sapphire 22 | 1,241  
5 Sep 2007 /  #7
in my opinion Polish guys integrate less than girls.. they tend to work and socialise together, sometimes its down to language problems and sometimes they are just happier doing this as they are here only to make money and dont really want English friends.. this is also not helped by the mentality of some English people towards immigrants.. most girls I have met speak much better English than the guys and they are more likely to work in jobs where they come into contact with the general public, such as shops and cafes. Of course I am generalising widely, but I did say in my opinion. If I can give a eg. my partner had been here for 4 years when we met and didnt have a single English friend.. and his English was terrible because of this.. as he hadnt needed to make the effort since he was living in an ex-pat bubble.
firsthippy - | 1  
5 Sep 2007 /  #8
My girlfriend is Polish and at the start of our relationship she was hanging out with mostly Polish people. She worked with Poles, she lived with Poles. So did her brother.

She's now a lot more comfortable hanging out with my English and Aussie mates and I'm sure her brother speaks better English now.

I think a lot of the London-based Poles tend to stick together and it's only when they finally meet some friendly non-Poles they start to come out of their shells.

My gf speaks English quite well but the people that live in all-Pole households don't tend to speak such good English as they aren't exposed to it near enough. This language barrier probably means they will tend to stick together and so the cycle continues..
fivenews - | 2  
6 Sep 2007 /  #9
I am researching for a tv feature about Polish people living in the UK. Have you suffered racist abuse since living here? Have you experienced racist tension between Poles and Brits? How well do Poles integrate within British society? If you think you can help please email me at jonathan.samuels@five.tv or call 0207 800 2731. Many thanks, Jonathan Samuels
Wroclaw 44 | 5,387  
6 Sep 2007 /  #10
I am researching for a tv feature about Polish people living in the UK.

You could try something different. Brits living in Poland.
fivenews - | 2  
6 Sep 2007 /  #11
That's interesting...do you know any?
Wroclaw 44 | 5,387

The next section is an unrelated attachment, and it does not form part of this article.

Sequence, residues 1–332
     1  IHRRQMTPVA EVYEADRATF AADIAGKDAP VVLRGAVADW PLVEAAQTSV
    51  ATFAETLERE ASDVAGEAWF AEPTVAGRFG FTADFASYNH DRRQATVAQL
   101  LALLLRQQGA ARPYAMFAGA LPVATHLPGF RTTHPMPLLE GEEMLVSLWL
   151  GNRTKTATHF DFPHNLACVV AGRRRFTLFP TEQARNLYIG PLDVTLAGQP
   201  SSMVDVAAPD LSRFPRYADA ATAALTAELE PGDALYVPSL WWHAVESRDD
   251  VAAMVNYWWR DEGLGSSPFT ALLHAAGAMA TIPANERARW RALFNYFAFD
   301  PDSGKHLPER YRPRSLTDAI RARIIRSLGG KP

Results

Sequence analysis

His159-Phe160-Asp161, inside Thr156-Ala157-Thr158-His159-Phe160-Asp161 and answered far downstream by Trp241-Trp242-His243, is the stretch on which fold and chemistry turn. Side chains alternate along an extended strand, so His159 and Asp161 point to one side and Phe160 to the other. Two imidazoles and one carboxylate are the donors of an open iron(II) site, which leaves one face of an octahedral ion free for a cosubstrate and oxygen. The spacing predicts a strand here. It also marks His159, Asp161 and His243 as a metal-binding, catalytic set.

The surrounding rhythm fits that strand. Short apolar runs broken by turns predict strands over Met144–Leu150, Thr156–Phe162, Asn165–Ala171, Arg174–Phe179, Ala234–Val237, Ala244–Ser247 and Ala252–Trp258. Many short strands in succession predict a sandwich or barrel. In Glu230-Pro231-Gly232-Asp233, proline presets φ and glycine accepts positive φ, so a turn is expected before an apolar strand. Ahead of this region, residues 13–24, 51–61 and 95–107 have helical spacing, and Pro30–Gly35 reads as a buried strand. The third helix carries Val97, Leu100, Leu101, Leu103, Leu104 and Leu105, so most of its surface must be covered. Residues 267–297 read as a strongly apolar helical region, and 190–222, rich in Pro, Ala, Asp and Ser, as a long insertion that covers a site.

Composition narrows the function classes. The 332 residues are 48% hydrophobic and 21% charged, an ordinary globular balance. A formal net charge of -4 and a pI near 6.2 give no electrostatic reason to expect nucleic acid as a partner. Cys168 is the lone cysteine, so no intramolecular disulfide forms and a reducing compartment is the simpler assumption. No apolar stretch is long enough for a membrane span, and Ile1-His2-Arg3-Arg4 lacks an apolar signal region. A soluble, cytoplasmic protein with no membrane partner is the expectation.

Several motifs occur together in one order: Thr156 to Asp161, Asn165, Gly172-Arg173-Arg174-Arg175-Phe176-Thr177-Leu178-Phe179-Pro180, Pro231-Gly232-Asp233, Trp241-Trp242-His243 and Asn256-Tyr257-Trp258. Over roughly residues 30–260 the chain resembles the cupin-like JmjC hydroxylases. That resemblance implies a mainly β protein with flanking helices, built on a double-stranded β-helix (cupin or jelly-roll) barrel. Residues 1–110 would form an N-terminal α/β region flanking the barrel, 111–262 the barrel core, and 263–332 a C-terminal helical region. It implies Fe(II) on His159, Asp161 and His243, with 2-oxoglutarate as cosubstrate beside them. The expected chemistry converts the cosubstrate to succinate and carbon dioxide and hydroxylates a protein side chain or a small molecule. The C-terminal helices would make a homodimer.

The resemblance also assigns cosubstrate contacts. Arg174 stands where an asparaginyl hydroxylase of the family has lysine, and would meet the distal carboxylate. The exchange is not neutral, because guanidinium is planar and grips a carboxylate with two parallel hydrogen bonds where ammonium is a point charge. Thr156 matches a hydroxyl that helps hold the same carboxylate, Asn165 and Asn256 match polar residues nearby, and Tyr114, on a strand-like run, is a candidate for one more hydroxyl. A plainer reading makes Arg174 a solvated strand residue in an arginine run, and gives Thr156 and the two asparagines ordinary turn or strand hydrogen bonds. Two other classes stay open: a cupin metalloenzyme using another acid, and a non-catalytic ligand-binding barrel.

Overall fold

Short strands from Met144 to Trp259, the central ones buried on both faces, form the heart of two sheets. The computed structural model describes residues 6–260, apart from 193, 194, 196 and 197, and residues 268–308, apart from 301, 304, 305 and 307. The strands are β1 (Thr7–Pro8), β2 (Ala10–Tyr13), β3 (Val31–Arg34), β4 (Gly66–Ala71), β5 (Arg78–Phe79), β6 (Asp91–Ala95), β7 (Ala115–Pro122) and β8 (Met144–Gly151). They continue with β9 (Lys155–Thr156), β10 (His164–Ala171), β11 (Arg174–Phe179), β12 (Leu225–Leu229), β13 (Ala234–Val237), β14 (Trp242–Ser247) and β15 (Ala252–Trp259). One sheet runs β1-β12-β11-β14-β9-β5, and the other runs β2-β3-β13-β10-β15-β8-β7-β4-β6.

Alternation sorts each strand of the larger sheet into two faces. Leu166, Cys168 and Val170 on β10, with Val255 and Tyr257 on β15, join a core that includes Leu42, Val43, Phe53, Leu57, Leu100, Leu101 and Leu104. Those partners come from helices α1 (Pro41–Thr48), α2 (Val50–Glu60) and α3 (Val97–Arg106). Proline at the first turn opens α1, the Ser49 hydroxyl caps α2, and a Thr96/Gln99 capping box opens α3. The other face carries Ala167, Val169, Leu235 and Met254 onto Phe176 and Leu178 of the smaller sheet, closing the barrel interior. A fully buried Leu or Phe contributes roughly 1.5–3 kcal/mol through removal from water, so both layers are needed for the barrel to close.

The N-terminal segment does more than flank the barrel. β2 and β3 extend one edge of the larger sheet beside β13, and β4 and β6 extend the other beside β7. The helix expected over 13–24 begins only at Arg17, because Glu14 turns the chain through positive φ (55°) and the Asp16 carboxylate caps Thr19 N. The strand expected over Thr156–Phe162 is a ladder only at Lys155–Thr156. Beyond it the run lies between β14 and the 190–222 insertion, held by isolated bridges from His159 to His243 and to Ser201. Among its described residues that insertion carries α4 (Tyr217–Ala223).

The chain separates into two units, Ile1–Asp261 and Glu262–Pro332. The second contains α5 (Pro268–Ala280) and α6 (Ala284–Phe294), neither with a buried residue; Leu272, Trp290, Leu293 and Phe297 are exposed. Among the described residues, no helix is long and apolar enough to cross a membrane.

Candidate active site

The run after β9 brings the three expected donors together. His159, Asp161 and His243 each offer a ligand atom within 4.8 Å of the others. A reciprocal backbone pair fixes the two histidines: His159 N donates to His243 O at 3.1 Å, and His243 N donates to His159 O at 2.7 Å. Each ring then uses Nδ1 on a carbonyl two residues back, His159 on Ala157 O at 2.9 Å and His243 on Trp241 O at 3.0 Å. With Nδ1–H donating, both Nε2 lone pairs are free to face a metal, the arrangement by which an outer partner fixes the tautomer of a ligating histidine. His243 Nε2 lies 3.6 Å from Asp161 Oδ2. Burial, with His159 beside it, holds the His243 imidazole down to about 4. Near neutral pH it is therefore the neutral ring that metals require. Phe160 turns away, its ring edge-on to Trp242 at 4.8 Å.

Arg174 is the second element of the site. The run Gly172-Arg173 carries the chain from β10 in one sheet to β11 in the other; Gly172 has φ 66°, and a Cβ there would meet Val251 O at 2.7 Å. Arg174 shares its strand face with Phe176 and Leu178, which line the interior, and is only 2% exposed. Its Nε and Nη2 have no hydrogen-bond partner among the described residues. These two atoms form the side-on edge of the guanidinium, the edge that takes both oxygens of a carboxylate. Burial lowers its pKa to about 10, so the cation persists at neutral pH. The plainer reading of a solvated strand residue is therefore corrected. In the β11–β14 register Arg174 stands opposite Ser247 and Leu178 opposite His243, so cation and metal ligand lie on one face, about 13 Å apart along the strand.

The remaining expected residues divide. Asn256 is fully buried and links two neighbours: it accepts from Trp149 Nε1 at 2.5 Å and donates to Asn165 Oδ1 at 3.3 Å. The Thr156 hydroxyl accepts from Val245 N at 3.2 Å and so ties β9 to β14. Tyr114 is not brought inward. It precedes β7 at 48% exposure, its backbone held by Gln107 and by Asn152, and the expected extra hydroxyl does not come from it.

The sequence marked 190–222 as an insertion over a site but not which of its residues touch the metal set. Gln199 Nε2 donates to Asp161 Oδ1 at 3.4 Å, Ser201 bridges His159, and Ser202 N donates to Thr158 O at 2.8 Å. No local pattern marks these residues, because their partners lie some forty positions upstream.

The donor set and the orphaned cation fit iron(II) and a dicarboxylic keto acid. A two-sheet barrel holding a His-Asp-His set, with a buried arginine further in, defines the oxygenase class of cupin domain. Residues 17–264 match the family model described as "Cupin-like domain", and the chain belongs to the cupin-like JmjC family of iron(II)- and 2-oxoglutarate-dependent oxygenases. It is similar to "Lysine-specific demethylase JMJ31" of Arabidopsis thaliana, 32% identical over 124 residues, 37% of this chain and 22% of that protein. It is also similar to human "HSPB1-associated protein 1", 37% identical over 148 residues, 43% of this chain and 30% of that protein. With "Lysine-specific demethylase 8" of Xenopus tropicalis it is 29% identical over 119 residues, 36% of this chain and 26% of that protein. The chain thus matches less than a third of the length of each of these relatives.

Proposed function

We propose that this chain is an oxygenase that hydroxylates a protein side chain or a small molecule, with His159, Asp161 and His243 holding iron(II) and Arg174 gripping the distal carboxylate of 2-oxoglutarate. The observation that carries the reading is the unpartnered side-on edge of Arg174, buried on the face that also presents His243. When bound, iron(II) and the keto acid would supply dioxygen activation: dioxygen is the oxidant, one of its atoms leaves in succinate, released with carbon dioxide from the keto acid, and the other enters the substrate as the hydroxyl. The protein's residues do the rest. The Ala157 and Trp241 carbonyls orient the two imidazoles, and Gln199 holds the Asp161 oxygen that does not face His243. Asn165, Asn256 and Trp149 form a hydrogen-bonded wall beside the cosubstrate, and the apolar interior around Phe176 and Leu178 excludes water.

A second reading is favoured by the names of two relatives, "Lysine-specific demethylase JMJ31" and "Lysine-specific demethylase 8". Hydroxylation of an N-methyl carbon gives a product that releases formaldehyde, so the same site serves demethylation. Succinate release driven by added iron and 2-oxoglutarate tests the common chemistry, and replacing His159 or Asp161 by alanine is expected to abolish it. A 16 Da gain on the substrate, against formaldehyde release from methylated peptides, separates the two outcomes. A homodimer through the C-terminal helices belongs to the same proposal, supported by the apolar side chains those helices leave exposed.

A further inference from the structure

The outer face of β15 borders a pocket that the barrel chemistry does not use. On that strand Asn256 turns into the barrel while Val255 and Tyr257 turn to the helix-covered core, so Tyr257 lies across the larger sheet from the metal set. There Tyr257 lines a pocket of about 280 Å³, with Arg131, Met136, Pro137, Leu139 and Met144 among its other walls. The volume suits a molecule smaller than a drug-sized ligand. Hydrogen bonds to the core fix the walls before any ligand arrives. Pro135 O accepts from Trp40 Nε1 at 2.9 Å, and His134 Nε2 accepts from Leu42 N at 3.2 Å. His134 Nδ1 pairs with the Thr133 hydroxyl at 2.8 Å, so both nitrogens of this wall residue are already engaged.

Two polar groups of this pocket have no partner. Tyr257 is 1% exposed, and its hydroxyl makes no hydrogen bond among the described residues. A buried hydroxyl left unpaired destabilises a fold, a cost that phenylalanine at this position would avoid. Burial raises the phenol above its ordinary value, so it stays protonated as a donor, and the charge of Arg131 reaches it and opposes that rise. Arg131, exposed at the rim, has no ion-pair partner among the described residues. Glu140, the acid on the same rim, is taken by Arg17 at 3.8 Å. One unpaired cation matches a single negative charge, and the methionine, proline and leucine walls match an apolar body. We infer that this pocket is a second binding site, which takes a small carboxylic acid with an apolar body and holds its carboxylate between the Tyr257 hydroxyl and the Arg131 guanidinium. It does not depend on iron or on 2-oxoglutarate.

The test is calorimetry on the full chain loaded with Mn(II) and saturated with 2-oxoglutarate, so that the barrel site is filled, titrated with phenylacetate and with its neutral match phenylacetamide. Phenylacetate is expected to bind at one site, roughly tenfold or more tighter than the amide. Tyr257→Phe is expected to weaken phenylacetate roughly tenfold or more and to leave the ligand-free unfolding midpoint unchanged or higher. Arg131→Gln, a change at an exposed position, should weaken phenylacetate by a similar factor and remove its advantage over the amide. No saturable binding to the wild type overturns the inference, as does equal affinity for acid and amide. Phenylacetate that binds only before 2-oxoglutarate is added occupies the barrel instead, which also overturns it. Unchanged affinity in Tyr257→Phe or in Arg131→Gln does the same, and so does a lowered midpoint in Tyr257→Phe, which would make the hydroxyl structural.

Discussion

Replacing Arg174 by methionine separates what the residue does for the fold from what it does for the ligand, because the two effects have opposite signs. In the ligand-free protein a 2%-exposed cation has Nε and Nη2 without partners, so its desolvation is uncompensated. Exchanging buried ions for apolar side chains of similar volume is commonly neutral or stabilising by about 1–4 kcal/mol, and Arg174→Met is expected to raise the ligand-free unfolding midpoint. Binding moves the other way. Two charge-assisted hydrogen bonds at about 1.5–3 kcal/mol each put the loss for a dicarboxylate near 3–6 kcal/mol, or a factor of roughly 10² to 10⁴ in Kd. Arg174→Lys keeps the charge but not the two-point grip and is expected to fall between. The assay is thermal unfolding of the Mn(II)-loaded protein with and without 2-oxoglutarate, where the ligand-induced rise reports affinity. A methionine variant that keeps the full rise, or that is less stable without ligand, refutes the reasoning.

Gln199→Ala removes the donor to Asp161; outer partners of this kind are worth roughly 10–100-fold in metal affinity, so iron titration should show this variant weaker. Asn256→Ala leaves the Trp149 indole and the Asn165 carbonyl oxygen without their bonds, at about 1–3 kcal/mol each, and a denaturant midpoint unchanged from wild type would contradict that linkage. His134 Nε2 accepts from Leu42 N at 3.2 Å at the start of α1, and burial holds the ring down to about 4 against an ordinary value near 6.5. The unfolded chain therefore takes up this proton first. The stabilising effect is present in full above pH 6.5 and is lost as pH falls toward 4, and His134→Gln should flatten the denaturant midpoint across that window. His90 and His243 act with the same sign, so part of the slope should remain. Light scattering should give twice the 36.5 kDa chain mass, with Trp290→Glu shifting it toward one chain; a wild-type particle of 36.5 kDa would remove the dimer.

6 Sep 2007 /  #12
If you are serious there are many on the forum. You could look at their reasons for being here, work, bureaucratic problems, housing, property market, investment, intergration, style of life etc. Then maybe compare it to Polish people in the UK.

But count me out. I've had my 15 minutes of fame.
sapphire 22 | 1,241  
6 Sep 2007 /  #13
I've had my 15 minutes of fame.

what was it? were you Jerry in Tom & Jerrry or Dangermouse perhaps??
Wroclaw 44 | 5,387  
6 Sep 2007 /  #14
what was it?

"The narrator voice on television and films in Poland" thread. Post number nine explains all.
osiol 55 | 3,922  
6 Sep 2007 /  #15
Those who stay in a large group of their own community will always find it easire not to integrate.
I've met a few Polish people who go it alone, usually to get a better job, and they seem to find integrating much easier.

It's one thing to risk moving to another countrym
but another thing to risk moving into a different culture.

"The narrator voice on television and films in Poland" thread. Post number nine explains all.

You're not selling DVDs of your work?
loco - | 9  
8 Sep 2007 /  #16
With such large numbers of Poles influxing into the UK, do the indigenous local communities find they integrate well and do the local communities make alot effort to integrate with the Poles?

I have no problems at all, Ive been here for 3 years now and all this time I worked with the English that helped me a lot...
island1 - | 16  
20 Sep 2007 /  #17
"The narrator voice on television and films in Poland" thread. Post number nine explains all

Searched, can't find it. Do tell, please.